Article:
A Pumphrey tale

Black former middle schoolmate Jackie Felton recently came to mind.  In the seventh grade, we were among a busload of black students from the neighboring black community of Pumphrey, Maryland, integrating Brooklyn Park Jr./Sr. High School in the early '60s.  I still remember the day our school bus pulled into the high school parking lot to a sea of white faces.  Having never interacted much with whites and not sure if we would be accepted, it was pretty scary for us.

Black students Brutus McClure and Harold Pinkney were both six-foot-something and became instant stars on the basketball and football teams.  Aldona Griffin and Sandra Pinkney were really smart and stood out academically.  Before discovering my talents as an artist, I pretty much felt invisible.

Folks, before there was an Eddie Murphy, there was Jackie Felton.  Our school held auditions for the talent show.  Anyone could watch, and the audience in the auditorium was fairly large.  Toward the end, Jackie Felton decided to audition as a stand-up comic.

Oh my gosh...Jackie brought down the house.  Bold, confident, and very funny.  I was blown away by the way Jackie owned the stage in the auditorium with the predominately white audience.  I admired him greatly.

Jackie was athletically gifted as well, playing baseball, soccer, and lacrosse, which was rare for a black kid.  He was a born trailblazer.  I assisted Jackie when he coached our community little league baseball team.  I really liked and looked up to Jackie.

Clearly, Jackie's future looked extremely bright – college, etc.

Our little close-knit black suburban community of Pumphrey yielded several successful blacks.  Pumphrey sons Butch Keaser and Larry Avery shined particularly bright.  In 1973, Butch Keaser was the first black American to win a gold medal in the world championships for freestyle wrestling.  In 1976, Butch won the silver medal at the Montreal Olympics.

Larry Avery was named the Spartans' Most Outstanding Wrestler in 1975.  Larry was a finalist in the United States Olympic heavyweight trials in 1976.  That year, he won a silver medal at the Tbilisi Tournament in Russia.

Pumphrey had two churches.  My dad, Rev. Lloyd E. Marcus, was pastor of the Methodist church.  Rev. Lemon was pastor of the Baptist church.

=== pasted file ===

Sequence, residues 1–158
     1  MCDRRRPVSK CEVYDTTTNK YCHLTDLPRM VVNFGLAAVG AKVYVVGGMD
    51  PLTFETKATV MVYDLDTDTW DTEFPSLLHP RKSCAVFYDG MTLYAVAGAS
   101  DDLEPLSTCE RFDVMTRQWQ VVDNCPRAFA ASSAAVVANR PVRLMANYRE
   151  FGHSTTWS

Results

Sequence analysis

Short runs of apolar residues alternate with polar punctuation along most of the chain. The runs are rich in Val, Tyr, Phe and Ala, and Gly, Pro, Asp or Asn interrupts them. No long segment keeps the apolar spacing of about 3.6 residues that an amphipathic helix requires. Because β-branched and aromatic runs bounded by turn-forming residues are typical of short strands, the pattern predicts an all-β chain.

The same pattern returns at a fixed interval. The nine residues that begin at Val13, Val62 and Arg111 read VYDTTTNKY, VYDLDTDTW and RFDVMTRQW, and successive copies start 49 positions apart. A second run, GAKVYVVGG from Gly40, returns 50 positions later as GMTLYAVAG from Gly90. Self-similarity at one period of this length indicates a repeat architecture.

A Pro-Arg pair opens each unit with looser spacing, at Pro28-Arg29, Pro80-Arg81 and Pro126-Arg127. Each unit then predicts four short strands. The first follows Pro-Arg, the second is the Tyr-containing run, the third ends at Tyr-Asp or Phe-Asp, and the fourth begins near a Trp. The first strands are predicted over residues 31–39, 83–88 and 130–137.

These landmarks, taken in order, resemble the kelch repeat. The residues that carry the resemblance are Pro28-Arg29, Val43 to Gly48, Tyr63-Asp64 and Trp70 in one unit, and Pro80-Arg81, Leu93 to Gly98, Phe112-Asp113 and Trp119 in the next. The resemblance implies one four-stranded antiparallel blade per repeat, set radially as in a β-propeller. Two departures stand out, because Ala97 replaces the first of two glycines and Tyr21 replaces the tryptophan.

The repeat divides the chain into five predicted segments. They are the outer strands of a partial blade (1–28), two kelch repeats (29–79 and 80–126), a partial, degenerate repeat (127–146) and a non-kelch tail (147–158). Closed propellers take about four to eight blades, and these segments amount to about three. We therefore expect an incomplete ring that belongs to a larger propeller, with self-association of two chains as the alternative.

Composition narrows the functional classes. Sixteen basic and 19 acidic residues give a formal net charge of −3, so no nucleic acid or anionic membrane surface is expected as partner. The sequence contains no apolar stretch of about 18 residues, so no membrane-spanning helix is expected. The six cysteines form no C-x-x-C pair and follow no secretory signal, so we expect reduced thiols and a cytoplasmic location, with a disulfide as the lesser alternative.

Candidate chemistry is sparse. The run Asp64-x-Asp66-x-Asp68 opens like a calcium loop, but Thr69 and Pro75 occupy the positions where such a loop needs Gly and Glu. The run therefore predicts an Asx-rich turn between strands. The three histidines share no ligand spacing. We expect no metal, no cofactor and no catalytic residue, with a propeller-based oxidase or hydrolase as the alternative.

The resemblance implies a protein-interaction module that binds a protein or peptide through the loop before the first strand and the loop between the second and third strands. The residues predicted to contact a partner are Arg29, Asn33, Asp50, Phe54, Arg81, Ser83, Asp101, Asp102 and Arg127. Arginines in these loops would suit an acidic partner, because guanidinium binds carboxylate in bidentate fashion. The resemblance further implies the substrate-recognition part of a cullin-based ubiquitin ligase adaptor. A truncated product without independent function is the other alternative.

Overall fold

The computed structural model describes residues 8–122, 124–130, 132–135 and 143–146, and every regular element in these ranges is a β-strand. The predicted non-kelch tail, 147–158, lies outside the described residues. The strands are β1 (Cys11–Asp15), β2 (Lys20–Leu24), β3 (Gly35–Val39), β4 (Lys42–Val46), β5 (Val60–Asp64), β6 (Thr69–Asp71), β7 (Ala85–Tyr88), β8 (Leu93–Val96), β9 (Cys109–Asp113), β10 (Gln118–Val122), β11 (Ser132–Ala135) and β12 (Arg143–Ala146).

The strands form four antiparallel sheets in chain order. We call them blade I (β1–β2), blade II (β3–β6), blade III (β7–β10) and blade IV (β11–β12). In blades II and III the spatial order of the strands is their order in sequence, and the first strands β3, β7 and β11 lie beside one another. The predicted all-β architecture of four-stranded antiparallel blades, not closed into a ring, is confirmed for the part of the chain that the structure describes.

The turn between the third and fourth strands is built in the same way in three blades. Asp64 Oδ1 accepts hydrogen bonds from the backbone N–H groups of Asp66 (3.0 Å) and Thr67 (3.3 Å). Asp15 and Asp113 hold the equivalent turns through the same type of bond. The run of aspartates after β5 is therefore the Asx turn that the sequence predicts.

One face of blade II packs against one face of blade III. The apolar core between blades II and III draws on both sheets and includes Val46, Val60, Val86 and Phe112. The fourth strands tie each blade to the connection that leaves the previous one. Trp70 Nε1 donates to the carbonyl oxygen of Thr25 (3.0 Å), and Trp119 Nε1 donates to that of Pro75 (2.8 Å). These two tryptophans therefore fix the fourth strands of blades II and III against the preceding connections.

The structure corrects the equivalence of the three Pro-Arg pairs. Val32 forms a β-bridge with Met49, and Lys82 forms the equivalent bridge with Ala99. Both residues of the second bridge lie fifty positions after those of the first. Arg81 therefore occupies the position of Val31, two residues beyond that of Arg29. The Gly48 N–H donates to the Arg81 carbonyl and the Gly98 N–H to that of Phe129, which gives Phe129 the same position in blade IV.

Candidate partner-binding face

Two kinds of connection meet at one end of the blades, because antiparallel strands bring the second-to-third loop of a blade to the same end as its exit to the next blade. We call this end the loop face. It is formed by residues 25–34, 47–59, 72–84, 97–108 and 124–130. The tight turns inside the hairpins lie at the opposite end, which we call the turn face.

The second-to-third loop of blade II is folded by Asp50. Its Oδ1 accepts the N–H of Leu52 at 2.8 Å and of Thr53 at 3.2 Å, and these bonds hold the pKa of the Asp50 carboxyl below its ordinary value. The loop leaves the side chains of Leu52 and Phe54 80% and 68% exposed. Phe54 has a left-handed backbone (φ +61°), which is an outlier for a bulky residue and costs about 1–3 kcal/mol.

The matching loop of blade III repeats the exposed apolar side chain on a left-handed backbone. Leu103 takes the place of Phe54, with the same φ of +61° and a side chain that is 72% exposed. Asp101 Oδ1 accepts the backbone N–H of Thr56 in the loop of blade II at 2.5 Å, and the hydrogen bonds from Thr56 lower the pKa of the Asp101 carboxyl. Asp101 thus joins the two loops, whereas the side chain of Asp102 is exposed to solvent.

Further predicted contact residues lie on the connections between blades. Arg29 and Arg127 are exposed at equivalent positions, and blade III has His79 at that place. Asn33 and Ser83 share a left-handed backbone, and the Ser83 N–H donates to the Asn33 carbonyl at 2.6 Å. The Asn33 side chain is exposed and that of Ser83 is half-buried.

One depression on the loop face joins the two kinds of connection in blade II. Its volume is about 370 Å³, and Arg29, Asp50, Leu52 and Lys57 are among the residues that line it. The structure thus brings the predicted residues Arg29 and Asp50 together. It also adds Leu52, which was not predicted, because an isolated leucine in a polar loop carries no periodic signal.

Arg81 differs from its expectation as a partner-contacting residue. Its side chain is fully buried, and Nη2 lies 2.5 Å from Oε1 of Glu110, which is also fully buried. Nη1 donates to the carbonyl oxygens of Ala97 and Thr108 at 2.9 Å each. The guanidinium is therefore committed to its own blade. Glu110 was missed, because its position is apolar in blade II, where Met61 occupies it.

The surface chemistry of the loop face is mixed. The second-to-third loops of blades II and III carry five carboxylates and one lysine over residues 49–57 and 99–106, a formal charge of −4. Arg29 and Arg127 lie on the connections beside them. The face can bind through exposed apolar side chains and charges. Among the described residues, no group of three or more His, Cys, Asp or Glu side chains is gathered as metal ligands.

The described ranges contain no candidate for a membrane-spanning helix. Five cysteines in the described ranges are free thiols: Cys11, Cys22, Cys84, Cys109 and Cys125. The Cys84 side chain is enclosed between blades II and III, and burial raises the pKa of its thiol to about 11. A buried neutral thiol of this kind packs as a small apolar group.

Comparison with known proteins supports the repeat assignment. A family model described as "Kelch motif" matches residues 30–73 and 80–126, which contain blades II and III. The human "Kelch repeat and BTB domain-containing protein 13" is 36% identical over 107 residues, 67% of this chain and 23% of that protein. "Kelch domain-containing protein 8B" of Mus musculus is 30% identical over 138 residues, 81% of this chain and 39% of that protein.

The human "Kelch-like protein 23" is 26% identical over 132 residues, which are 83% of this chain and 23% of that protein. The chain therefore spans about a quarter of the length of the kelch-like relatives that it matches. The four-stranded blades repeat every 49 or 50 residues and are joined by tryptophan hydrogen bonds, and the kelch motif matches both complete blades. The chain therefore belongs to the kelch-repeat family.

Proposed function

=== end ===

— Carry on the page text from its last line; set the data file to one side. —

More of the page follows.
After high school, Jackie gradually began changing, ultimately taking on the look of a homeless person, wandering around Pumphrey.  I learned that Jackie had become addicted to drugs.  I felt very bad for him.  Then it happened.  Jackie died of a drug overdose.

It was shocking and disappointing that someone who so inspired me could fall so low and succumb to such a tragic end.

It was not white America's fault.  I say this with love in my heart for him: it was Jackie's fault.

Black former middle schoolmate Jackie Felton recently came to mind.  In the seventh grade, we were among a busload of black students from the neighboring black community of Pumphrey, Maryland, integrating Brooklyn Park Jr./Sr. High School in the early '60s.  I still remember the day our school bus pulled into the high school parking lot to a sea of white faces.  Having never interacted much with whites and not sure if we would be accepted, it was pretty scary for us.

Black students Brutus McClure and Harold Pinkney were both six-foot-something and became instant stars on the basketball and football teams.  Aldona Griffin and Sandra Pinkney were really smart and stood out academically.  Before discovering my talents as an artist, I pretty much felt invisible.

Folks, before there was an Eddie Murphy, there was Jackie Felton.  Our school held auditions for the talent show.  Anyone could watch, and the audience in the auditorium was fairly large.  Toward the end, Jackie Felton decided to audition as a stand-up comic.

Oh my gosh...Jackie brought down the house.  Bold, confident, and very funny.  I was blown away by the way Jackie owned the stage in the auditorium with the predominately white audience.  I admired him greatly.

Jackie was athletically gifted as well, playing baseball, soccer, and lacrosse, which was rare for a black kid.  He was a born trailblazer.  I assisted Jackie when he coached our community little league baseball team.  I really liked and looked up to Jackie.

Clearly, Jackie's future looked extremely bright – college, etc.

Our little close-knit black suburban community of Pumphrey yielded several successful blacks.  Pumphrey sons Butch Keaser and Larry Avery shined particularly bright.  In 1973, Butch Keaser was the first black American to win a gold medal in the world championships for freestyle wrestling.  In 1976, Butch won the silver medal at the Montreal Olympics.

Larry Avery was named the Spartans' Most Outstanding Wrestler in 1975.  Larry was a finalist in the United States Olympic heavyweight trials in 1976.  That year, he won a silver medal at the Tbilisi Tournament in Russia.

Pumphrey had two churches.  My dad, Rev. Lloyd E. Marcus, was pastor of the Methodist church.  Rev. Lemon was pastor of the Baptist church.

After high school, Jackie gradually began changing, ultimately taking on the look of a homeless person, wandering around Pumphrey.  I learned that Jackie had become addicted to drugs.  I felt very bad for him.  Then it happened.  Jackie died of a drug overdose.

It was shocking and disappointing that someone who so inspired me could fall so low and succumb to such a tragic end.

It was not white America's fault.  I say this with love in my heart for him: it was Jackie's fault.